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The Rise of Knotless Braids

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Hair can be fussy, uncooperative, moody. When it does not bend, curl or sit on command, it can be frustrating. Hair can be a handful, a time suck, a money pit, a drag. Perhaps no one knows this better than Black women.

Enter, stage left: braids.

And not just any braids. Many Black women are going with a style that has been gaining in popularity: so-called knotless braids, which differ significantly from traditional box braids.

In the old style — notably worn by Janet Jackson in the 1993 film “Poetic Justice,” which helped enshrine the style in American beauty culture — the hair is parted into discrete sections, and strands of synthetic hair are knotted at the roots. Hair stylists who create knotless braids also start by dividing the hair into separate sections, but then comes a change in the process: They braid an inch and a half or more of the natural hair itself, and then they feed the synthetic strands bit by bit into the newly created braid.

Since the hair extensions are not knotted at the roots, those who choose this style will feel very little tension at the scalp. The lack of knots also means there is none of the bulkiness that may appear with box braids. And the newer style leaves the braids flatter. Knotless braids feel lighter, too.

“It’s just so easy to handle,” said Jamilla Dick-Quashie, 42, the director of health and safety at the New York City Office of the Chief Medical Examiner who is also a mother to a 6-year-old. “When I’m putting my hair up in a bun or trying to do a braid style with the knotless braids, it’s so much easier. And I know that I’m not feeling the tension on my scalp — and that’s a big difference.”

“The knotless braids, in the beginning, it was more difficult for us, because it’s something that we are not used to,” said Ms. Fall, 37, who is from Senegal. “When we got used to it, we noticed that it was actually a little bit easier for us than the regular braids.”

Without the bother of making small knots at the roots, the stylists found that they could braid more quickly — which meant more customers and more revenue. At Aminata, box braids, whether knotless or not, cost $140 for hair that reaches the back and $180 for waist-length.

The new style also drove demand. In the days before knotless braids ran the Instagram explore page, a customer could show up at an African hair braiding salon without booking a time. Now many hair braiders are requesting that customers make appointments online. Some require a deposit of $30 to guard against no-shows. (Aminata African Hair Braiding is still first come first served.)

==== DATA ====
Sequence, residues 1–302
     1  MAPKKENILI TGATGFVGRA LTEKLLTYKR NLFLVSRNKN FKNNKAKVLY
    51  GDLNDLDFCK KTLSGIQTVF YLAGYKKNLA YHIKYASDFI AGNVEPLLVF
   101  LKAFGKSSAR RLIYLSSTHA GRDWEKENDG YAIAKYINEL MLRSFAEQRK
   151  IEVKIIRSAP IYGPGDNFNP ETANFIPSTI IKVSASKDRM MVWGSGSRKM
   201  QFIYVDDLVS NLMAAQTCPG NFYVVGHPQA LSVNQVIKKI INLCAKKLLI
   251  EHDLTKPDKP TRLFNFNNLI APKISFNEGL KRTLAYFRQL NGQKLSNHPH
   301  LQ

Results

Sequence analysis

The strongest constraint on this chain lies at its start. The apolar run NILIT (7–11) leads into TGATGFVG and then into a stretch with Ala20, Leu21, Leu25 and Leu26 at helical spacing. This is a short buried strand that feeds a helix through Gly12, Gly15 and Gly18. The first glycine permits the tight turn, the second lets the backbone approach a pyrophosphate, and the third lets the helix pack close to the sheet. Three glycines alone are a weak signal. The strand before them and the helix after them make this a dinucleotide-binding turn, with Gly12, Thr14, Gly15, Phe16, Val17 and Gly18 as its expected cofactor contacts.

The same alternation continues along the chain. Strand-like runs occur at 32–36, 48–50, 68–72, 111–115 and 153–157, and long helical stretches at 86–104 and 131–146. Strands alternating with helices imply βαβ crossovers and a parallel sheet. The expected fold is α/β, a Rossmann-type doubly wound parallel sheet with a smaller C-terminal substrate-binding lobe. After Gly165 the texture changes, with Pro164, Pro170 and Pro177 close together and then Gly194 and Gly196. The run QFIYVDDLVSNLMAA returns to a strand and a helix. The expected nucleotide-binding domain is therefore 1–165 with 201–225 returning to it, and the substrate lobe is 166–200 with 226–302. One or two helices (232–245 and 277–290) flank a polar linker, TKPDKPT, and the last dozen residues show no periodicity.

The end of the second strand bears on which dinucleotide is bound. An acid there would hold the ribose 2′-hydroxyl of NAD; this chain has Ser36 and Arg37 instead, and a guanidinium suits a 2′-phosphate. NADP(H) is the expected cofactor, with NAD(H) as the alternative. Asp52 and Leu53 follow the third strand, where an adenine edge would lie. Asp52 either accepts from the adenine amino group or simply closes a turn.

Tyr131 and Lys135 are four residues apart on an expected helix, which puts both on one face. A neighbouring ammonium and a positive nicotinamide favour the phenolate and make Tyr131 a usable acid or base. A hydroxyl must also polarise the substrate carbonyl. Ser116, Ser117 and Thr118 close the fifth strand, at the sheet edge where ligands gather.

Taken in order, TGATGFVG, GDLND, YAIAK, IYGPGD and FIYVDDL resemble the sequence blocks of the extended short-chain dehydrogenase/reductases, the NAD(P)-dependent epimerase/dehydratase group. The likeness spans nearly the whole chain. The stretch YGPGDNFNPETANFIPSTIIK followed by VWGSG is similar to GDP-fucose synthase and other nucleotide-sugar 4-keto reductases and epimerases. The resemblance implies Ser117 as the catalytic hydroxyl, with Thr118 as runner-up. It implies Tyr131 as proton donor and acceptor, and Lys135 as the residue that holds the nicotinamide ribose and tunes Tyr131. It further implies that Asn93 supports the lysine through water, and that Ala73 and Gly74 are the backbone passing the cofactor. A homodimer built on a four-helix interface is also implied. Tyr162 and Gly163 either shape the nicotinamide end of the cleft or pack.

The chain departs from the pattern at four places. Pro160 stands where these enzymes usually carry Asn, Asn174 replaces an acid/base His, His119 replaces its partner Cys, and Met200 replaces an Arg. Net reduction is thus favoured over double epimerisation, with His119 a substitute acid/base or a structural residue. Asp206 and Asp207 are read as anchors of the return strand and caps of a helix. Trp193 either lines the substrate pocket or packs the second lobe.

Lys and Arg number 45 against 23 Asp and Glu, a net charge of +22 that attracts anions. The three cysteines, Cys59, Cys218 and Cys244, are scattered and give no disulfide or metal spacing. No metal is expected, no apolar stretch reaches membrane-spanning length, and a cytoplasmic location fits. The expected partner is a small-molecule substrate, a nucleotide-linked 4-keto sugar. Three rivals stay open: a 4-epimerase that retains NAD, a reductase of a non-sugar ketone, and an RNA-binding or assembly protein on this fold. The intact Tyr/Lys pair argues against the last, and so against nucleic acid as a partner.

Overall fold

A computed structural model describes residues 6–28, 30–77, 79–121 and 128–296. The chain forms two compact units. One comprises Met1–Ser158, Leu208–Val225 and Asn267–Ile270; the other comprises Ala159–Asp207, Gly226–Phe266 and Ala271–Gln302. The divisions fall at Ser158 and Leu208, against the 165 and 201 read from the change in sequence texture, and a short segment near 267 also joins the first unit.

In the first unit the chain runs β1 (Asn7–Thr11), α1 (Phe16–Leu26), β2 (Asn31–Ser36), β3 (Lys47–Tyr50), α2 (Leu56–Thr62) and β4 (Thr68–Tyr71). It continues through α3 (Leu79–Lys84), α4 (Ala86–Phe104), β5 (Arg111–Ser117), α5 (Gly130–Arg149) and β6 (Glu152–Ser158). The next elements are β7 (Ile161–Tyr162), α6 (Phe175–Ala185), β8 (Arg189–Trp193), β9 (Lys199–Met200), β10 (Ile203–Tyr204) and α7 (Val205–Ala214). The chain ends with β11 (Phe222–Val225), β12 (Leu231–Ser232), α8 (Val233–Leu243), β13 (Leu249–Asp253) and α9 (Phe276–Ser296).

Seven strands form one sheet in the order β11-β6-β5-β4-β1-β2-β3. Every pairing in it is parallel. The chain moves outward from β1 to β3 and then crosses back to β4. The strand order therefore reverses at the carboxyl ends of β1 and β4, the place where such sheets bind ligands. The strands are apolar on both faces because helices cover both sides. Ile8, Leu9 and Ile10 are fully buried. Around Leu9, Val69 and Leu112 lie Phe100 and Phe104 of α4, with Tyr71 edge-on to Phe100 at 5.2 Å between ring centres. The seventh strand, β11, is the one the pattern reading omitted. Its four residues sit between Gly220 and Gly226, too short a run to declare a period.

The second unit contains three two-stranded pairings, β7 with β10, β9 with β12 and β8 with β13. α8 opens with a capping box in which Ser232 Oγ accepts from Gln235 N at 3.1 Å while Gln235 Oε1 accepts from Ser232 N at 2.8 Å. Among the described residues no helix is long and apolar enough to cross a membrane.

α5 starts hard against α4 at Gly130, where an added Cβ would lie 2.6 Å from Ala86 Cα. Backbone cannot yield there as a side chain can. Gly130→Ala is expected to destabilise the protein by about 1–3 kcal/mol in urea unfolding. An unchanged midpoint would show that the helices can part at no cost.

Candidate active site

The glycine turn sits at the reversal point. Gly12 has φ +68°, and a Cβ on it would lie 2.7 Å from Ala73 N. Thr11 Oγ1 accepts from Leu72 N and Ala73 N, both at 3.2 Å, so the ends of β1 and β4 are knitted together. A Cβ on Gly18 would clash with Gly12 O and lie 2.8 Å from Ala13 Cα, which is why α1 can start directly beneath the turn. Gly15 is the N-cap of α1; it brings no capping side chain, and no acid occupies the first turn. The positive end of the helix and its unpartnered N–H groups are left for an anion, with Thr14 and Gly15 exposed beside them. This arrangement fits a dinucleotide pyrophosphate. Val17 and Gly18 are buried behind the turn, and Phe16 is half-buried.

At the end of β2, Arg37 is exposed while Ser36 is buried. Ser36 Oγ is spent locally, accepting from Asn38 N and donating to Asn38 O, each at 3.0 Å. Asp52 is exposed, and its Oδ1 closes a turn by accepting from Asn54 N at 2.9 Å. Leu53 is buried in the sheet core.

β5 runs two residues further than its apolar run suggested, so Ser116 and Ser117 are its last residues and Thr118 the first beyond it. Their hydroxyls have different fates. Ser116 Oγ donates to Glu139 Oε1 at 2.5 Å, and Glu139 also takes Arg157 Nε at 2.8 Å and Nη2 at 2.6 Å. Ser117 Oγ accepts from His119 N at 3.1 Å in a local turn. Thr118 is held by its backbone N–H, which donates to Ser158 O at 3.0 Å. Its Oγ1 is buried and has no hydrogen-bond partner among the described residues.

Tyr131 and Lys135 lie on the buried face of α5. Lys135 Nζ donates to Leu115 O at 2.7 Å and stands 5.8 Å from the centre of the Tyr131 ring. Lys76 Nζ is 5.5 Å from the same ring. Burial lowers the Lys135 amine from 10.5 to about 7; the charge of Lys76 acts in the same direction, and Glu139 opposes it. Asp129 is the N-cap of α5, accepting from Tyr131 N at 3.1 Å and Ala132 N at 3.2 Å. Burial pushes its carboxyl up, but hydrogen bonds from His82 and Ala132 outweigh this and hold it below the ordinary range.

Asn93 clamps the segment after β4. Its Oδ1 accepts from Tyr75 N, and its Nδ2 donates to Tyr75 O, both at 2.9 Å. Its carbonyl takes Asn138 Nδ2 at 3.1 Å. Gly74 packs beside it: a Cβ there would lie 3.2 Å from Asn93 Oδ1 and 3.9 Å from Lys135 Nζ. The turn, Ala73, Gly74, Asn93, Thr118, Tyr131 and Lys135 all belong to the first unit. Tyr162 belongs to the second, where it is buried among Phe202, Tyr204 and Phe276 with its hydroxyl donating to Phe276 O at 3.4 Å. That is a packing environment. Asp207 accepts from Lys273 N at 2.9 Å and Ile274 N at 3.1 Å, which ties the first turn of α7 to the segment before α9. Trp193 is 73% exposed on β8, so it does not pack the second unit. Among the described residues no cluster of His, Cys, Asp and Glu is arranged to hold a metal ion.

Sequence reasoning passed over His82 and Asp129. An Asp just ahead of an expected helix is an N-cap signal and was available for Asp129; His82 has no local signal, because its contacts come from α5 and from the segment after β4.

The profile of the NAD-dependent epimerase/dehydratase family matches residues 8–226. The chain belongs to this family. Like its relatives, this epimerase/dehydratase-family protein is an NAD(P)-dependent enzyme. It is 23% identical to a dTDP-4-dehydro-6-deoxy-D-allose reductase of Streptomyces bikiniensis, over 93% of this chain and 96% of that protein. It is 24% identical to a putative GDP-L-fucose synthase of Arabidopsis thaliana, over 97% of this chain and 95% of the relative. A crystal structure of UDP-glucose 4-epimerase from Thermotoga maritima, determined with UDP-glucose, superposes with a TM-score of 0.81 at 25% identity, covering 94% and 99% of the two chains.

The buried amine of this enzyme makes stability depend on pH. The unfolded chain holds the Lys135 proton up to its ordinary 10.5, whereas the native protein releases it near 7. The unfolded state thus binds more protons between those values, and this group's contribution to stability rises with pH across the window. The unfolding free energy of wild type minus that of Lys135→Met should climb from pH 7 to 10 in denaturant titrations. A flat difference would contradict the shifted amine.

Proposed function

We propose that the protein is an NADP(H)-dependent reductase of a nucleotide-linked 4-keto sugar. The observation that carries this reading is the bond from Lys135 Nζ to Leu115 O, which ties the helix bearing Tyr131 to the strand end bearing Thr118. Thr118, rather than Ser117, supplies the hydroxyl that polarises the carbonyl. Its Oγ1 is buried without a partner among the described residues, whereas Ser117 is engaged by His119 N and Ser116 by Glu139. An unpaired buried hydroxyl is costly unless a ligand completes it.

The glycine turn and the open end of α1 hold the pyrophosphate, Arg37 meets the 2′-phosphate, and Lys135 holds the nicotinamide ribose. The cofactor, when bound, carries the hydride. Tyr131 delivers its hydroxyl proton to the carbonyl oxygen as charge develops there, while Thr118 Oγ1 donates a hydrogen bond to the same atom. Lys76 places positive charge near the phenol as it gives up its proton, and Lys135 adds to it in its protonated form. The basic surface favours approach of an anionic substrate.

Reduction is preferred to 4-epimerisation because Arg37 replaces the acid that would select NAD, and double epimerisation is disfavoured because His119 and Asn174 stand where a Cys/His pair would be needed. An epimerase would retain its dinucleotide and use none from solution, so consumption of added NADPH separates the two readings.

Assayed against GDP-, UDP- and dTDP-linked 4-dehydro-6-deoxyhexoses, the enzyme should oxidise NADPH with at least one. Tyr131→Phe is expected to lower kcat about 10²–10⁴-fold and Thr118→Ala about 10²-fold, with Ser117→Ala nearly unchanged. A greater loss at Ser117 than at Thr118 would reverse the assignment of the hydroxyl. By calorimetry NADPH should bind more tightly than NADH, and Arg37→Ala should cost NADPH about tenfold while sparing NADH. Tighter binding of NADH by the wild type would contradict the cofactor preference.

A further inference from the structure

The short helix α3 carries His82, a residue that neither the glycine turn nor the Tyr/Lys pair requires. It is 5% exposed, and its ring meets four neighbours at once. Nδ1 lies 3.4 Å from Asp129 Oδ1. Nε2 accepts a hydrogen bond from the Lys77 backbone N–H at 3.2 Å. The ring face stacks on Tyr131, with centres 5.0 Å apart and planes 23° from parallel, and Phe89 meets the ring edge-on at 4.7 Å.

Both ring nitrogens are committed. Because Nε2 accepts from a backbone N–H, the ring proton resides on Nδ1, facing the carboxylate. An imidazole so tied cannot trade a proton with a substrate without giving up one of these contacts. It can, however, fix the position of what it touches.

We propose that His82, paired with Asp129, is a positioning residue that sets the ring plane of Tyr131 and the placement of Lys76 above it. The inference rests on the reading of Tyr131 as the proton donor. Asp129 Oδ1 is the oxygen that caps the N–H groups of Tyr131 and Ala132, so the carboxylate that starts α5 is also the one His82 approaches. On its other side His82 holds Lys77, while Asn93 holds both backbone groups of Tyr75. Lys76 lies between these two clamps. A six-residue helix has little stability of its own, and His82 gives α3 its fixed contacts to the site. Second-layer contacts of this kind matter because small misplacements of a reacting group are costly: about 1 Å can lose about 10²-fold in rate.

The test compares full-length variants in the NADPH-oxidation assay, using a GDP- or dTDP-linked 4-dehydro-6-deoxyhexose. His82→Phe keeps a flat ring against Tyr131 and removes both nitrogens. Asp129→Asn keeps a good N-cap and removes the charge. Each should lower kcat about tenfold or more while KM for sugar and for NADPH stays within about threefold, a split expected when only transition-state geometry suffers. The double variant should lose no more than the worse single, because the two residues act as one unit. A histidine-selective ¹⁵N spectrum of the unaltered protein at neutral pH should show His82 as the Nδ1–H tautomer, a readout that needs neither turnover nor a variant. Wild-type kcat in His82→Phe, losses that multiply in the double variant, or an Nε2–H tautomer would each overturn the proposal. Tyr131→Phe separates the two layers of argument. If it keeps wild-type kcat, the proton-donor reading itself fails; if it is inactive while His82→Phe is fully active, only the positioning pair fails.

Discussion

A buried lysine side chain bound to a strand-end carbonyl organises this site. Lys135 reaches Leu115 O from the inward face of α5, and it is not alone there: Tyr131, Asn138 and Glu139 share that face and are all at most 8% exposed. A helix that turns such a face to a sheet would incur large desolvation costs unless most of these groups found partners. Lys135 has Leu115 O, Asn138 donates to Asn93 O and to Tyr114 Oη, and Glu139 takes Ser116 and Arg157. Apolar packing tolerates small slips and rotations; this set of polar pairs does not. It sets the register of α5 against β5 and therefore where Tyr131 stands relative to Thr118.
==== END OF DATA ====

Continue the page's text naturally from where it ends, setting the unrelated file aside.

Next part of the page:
For Meagan Louis, who braids hair at her own salon, Soignée BK, in the East Flatbush neighborhood of Brooklyn, said that knotless braids had been good for her business, which she started when the new style was coming into vogue.

She said she had not set out to braid hair full time. After graduating from the University at Albany in 2012 with a biology degree, she worked as a technologist in a medical lab and did hair-braiding after her shifts to supplement her income.

“I would do my 9 to 5 and then, when I come back home, I’ll probably knock out two clients,” Ms. Louis said. “I would do that probably every other day.”

She would do one woman’s knotless braids, and that person would refer her to another client, and soon she had more customers than she could handle.

“It was becoming more full-time than the actual full-time job,” Ms. Louis said.

But Ms. Louis was hesitant, partly because her parents, who immigrated from the Grenadines, hoped that she would become a doctor.

“I was getting ready to apply to medical school,” Ms. Louis said, “and it was just a moment where you decide, ‘Is it even worth it to go another 11 years to become a surgeon, or do you just braid this hair and you can make the same amount?’”

In the end, Ms. Louis quit her job at the lab. The possibility of being able to set her own schedule and spend more time with her daughter and son, now 8 and 4, figured into her decision, she said.

“I make more money braiding hair and have more creativity,” Ms. Louis said. “Science is very strict. It works, or doesn’t. It’s scientific, it’s mathematical. But here you can be creative, you can do what you want.”

Ms. Louis worked out of her home until she opened Soignée BK in February 2020. Then the pandemic hit, which left her unable to see customers for months. During those early months of isolation, she built up her salon’s social media presence. She said that when she announced that she was ready to see clients again, she booked an entire month of appointments within two minutes.

She now starts accepting new appointments on the 16th of each month at noon sharp, and the month fills up almost immediately. Ms. Louis attributes her success to her speed and neatness. The braids she creates have a uniform look, almost as if they were done by machine.